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St. Clare and the Saracens

Elaine M. Jordan

This Eucharistic miracle was written by a Franciscan friar who lived at the time of St. Francis, Tommaso da Celano (1200-1255). It describes how St. Clare of Assisi succeeded, with the Blessed Sacrament, in turning away Saracen troops that were surrounding the city.
Regiments of Saracen soldiers and bowmen were stationed there (in the Convent of San Damiano in Assisi, Italy), massed like bees, ready to devastate the encampments and seize the cities. Once, during an enemy attack against Assisi, a city beloved of the Lord, and while the army was approaching the gates, the fierce Saracens invaded San Damiano, entered the confines of the convent and even the very cloister of the virgins. The women were in terror, their voices trembling with fear as they called out to their Mother, St. Clare.

Miracle of St. Clare

St. Clare puts the Saracens to flight
With a fearless heart, St. Clare commanded them to lead her, sick as she was, to the enemy, preceded by a silver and ivory case in which the Body of the Saint of Saints was kept with great devotion. And prostrating herself before the Lord, she spoke plaintively to her Christ: "Behold, my Lord, is it possible that Thou wouldst deliver into the hands of pagans Thy defenseless slaves, whom I have taught out of love for Thee? I pray Thee, Lord, protect these Thy slaves whom I cannot now save by myself."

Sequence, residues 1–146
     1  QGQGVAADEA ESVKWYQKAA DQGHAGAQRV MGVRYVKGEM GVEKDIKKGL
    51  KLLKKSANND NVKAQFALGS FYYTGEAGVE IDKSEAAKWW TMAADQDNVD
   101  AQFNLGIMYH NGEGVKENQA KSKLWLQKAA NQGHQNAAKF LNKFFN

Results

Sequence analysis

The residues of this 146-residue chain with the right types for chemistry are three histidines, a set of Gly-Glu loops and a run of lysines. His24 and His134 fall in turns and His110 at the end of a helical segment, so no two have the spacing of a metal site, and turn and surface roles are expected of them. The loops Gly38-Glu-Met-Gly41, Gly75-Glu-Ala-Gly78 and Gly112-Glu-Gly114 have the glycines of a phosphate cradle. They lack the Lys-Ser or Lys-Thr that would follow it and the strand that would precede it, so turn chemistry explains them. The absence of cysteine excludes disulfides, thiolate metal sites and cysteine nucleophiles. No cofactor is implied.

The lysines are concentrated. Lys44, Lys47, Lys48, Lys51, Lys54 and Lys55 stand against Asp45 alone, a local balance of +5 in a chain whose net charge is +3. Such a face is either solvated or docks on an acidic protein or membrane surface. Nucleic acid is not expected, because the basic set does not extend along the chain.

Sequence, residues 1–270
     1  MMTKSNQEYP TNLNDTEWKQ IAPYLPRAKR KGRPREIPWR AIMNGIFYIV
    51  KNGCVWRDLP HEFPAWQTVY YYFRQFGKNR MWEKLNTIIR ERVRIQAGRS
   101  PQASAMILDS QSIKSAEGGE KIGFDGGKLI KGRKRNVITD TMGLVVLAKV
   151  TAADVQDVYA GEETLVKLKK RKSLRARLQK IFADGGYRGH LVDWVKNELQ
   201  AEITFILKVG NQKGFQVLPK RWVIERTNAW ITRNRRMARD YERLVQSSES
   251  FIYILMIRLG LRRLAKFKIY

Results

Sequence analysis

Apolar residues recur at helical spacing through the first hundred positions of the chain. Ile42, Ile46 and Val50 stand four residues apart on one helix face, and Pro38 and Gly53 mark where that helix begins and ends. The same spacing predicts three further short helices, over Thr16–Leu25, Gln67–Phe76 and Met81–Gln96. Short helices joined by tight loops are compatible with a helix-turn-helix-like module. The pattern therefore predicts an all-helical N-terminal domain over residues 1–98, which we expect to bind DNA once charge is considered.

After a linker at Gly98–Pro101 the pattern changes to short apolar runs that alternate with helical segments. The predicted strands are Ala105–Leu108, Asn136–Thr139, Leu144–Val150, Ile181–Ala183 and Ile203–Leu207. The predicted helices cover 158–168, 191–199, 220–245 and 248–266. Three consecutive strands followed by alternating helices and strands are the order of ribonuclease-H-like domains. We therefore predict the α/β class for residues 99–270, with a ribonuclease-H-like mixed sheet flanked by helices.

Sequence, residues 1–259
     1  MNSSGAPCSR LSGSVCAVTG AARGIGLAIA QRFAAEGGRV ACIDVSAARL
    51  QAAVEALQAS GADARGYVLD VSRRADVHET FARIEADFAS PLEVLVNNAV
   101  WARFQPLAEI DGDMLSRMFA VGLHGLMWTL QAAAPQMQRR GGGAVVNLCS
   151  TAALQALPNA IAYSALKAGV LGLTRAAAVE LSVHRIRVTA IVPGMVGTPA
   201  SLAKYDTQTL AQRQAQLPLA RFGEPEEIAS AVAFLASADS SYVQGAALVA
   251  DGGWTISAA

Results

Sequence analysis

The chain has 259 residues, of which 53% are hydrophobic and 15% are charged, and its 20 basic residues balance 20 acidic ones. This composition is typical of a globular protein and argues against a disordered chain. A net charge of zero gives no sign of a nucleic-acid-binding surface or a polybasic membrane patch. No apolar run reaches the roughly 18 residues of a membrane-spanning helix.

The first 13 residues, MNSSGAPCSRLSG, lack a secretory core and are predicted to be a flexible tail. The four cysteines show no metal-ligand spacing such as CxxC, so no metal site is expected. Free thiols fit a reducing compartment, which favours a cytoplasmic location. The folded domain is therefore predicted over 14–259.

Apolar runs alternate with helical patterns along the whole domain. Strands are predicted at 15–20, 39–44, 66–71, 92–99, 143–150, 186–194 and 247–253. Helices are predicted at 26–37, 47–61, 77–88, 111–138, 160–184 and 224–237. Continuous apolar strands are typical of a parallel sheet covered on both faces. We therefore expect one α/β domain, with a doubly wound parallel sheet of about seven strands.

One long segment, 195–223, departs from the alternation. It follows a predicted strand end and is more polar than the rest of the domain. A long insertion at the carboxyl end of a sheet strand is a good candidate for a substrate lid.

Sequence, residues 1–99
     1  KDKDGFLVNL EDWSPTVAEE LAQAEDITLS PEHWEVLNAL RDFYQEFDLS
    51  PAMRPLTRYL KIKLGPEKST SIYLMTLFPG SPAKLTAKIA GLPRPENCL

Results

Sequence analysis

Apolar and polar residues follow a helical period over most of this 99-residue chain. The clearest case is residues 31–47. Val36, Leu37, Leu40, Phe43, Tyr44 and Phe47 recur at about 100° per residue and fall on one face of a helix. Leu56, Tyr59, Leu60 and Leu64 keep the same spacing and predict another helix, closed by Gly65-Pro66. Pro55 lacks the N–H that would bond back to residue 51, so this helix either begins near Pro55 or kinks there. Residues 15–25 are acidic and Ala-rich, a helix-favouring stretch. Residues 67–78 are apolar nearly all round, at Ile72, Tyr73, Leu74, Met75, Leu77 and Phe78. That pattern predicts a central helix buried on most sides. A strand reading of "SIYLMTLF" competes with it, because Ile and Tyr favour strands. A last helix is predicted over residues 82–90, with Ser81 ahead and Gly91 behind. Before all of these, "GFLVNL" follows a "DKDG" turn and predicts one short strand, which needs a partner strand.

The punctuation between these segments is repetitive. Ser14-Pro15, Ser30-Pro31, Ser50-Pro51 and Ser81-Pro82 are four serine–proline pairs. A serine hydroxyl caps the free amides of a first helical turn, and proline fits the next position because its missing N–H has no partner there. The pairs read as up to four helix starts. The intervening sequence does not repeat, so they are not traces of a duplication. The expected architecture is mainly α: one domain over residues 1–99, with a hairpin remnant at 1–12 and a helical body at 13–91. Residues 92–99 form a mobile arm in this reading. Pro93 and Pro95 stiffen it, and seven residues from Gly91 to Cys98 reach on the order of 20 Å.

Suddenly a voice resounded in her ears from the tabernacle: "I will always protect you!"

"My Lord," she added, "if it is Thy wish, protect also this city which is sustained by Thy love.’

Christ replied, "It will have to undergo many trials, but it will be defended by My protection."

Then the virgin, raising a face bathed in tears, comforted the sisters: "I assure you, daughters, that you will suffer no evil; only have faith in Christ."

Upon seeing the courage of the sisters, the Saracens took flight and fled back over the walls they had scaled, unnerved by the strength of the sister whom they saw praying. And Clare immediately warned those who heard the voice I spoke of above, ordering them sternly: "Take care not to tell anyone about that voice while I am still alive, dearest daughters."

Selected from Tommaso da Celano,
The History of Saint Clare, VirginInternet
Posted November 6, 2010

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